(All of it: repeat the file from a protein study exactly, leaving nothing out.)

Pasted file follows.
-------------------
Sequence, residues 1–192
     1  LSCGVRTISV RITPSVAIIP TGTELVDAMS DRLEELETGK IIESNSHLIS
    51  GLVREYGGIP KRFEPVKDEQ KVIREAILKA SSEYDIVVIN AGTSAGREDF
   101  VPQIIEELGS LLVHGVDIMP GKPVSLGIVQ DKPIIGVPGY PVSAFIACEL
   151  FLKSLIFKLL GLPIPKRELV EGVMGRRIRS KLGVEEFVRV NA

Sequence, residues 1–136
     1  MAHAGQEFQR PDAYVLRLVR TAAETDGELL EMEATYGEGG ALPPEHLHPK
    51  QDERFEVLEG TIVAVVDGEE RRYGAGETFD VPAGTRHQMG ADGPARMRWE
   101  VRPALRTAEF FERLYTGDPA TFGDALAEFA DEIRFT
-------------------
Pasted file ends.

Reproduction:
Sequence, residues 1–192
     1  LSCGVRTISV RITPSVAIIP TGTELVDAMS DRLEELETGK IIESNSHLIS
    51  GLVREYGGIP KRFEPVKDEQ KVIREAILKA SSEYDIVVIN AGTSAGREDF
   101  VPQIIEELGS LLVHGVDIMP GKPVSLGIVQ DKPIIGVPGY PVSAFIACEL
   151  FLKSLIFKLL GLPIPKRELV EGVMGRRIRS KLGVEEFVRV NA

Sequence, residues 1–136
     1  MAHAGQEFQR PDAYVLRLVR TAAETDGELL EMEATYGEGG ALPPEHLHPK
    51  QDERFEVLEG TIVAVVDGEE RRYGAGETFD VPAGTRHQMG ADGPARMRWE
   101  VRPALRTAEF FERLYTGDPA TFGDALAEFA DEIRFT